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Between the Lines, Inanna Publications, and Fernwood Publishing join the International Women’s Strike

Toronto Women’s March, Jan. 20, 2018 (J_P_D, Creative Commons)

Thursday, March 8 is International Women’s Day, and to mark the occasion, three Canadian publishers are going on strike in solidarity with women around the world.

Between the Lines, Inanna Publications, and Fernwood Publishing will close their offices on Thursday to highlight the essential work performed by women and to call attention to rampant exploitation and harassment of women in the workforce.

The three Canadian publishers will be withdrawing their labour – both paid labour and unpaid domestic work – as a show of support for the International Women’s Strike, an initiative involving women in some 56 countries. The impetus for the Canadian action comes from Pluto Press in the U.K., which is closing for the day to participate in the London women’s strike. “In the U.K. there are actually people going out, beyond publishing,” says Amanda Crocker, managing editor at Between the Lines. “There are a lot of people going out on strike that day and marching in the streets. So [Pluto] decided to close their offices in solidarity with the strike there and I thought we should do the same thing here, even if there aren’t a lot of Canadians aware of the International Women’s Strike.”

Crocker, who attended the Women’s Day march in Toronto with her two daughters last Saturday, says there is symbolism in closing on a weekday, an action that is more likely to have a direct impact on the mechanisms of capitalism that operate to women’s detriment. “There doesn’t seem to be a lot of momentum for Canadians to get behind the day where you withdraw your labour – paid labour, unpaid labour, community labour. So we thought as three radical publishers we could draw a little more attention to this.”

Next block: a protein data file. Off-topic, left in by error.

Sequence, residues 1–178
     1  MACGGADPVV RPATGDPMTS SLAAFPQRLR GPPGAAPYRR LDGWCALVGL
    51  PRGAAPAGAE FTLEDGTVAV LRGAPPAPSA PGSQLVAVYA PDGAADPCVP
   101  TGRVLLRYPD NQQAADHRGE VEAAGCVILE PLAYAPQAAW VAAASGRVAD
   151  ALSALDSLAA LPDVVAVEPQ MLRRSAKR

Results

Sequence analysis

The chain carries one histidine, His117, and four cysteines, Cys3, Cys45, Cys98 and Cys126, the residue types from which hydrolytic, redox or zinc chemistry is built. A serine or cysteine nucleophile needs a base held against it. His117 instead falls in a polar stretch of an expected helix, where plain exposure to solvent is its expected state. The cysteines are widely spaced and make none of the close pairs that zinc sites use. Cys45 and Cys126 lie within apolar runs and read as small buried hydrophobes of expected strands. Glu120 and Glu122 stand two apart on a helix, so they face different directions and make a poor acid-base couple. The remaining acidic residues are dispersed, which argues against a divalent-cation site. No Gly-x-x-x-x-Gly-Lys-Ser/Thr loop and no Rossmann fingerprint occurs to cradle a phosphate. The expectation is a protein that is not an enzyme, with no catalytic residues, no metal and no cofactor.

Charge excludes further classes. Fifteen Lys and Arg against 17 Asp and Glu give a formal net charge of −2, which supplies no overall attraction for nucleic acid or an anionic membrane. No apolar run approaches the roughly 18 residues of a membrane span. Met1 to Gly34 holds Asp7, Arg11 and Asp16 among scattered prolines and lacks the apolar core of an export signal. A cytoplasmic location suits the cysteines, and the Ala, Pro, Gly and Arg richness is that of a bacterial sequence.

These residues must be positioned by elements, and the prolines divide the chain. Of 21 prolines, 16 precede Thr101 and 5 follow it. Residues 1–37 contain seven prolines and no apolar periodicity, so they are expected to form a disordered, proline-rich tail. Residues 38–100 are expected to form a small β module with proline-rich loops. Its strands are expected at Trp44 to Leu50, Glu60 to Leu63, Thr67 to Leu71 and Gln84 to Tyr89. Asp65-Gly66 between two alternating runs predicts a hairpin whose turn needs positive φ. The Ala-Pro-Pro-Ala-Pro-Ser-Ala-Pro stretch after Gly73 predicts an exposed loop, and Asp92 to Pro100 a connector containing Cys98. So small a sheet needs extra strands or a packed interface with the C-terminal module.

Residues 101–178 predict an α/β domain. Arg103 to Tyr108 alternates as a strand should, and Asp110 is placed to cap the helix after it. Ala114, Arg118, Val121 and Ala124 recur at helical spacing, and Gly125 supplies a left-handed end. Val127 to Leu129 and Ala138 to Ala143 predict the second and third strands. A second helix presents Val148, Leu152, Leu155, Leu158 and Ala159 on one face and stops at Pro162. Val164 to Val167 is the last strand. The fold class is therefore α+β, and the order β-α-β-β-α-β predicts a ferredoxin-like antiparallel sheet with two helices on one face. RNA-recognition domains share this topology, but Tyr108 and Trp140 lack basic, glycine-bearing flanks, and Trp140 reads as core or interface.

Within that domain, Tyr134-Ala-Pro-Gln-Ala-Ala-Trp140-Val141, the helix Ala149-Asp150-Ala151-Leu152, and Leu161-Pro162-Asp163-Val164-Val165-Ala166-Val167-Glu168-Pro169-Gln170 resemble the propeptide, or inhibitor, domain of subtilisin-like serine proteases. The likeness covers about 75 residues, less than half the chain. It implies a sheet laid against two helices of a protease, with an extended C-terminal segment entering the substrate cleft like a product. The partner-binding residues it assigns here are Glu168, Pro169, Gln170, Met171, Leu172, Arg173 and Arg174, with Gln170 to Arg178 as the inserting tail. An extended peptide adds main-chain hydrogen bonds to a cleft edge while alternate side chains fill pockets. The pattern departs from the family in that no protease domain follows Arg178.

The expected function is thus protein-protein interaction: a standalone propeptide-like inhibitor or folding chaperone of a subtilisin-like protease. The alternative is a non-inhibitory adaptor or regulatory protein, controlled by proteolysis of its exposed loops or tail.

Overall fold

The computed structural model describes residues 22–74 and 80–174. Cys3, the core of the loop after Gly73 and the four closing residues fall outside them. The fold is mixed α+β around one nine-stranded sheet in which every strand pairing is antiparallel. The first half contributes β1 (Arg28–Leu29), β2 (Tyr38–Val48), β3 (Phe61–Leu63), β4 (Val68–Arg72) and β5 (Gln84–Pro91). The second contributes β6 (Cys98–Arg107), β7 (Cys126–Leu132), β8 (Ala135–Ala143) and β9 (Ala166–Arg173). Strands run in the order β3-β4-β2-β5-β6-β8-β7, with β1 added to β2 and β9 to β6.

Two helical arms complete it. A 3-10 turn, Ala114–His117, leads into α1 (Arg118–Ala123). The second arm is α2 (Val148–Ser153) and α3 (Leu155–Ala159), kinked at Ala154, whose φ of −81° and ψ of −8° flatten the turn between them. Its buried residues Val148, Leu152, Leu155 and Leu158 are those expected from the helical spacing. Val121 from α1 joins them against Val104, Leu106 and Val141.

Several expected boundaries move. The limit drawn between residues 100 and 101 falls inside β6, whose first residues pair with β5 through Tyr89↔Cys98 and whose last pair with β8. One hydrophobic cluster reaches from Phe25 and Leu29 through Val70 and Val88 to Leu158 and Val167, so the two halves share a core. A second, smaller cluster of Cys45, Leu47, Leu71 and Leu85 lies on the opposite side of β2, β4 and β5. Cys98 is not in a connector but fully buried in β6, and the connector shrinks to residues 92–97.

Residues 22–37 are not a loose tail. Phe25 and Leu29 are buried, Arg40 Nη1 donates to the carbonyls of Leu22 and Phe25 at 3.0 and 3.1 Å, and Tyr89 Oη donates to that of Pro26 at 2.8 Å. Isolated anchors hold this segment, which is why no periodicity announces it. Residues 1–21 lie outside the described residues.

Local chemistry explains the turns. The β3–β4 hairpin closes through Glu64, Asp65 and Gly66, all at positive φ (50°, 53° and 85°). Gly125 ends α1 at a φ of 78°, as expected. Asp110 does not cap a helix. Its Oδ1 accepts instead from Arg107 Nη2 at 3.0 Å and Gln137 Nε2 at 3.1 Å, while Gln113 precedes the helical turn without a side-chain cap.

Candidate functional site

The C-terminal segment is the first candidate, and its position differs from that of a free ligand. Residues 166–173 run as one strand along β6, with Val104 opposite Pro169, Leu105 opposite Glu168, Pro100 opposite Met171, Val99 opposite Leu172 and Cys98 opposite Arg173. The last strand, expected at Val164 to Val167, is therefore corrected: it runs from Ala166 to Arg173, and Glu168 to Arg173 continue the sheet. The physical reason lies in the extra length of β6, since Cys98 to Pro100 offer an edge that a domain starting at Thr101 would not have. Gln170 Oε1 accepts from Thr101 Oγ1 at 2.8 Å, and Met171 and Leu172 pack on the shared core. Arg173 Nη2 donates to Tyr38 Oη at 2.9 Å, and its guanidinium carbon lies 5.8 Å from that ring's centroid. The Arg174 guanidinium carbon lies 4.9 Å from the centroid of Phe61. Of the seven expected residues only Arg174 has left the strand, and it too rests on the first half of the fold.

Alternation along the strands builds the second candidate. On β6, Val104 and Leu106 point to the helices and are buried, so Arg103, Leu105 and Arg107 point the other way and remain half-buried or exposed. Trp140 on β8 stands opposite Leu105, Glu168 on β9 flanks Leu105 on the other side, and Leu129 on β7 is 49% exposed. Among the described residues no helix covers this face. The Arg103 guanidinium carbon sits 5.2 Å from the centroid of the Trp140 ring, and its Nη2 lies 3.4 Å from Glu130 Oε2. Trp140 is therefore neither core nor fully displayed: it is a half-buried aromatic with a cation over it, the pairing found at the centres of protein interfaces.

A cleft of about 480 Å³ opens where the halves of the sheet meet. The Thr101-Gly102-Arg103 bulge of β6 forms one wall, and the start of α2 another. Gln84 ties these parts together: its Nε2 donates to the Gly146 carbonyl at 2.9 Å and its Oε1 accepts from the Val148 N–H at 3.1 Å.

Luciana Ricciutelli, editor in chief of Inanna, says that Crocker approached them to participate in the Canadian strike, and she and her team were immediately on board. “We are a feminist press and we want to support underrepresented women and communities in their/our struggles for equality, dignity, freedom, autonomy, and our very lives,” she says.

In an email signed by Ricciutelli and Inanna marketing manager Renée Knapp (who also does marketing and publicity work for Between the Lines), Inanna invites participation in the initiative by people who wish to show support for the International Women’s Strike. People are invited to refuse labour – paid or otherwise – on March 8; to not shop on that day unless it is in support of “women-owned and/or minority-owned businesses only (to demonstrate the rejection of neoliberalism and capitalism and the harm that it causes women and marginalized peoples around the world)”; and to wear red as a symbol of support for the strike.

“I think the strike in general is intended to just raise awareness about the amount of work that women do and how that work is undervalued and often ignored,” says Candida Hadley, acquisitions and development editor at Fernwood. “I’m very conscious of the fact that there are many, many women in the world who do not have the opportunity to strike. They must show up for work or risk losing their jobs.”

This is a point of privilege that Between the Lines’s Crocker is also well aware of. “We all work in progressive workplaces,” she says. “We’re a collective, so we can collectively decide to shut any day, I suppose.”

That said, Crocker is hopeful that the momentum they build with this year’s action might spread throughout the industry, such that next year, more than a trio of self-described “radical” publishers will choose to participate. “I hope that other publishers will join us next year and maybe it will build.”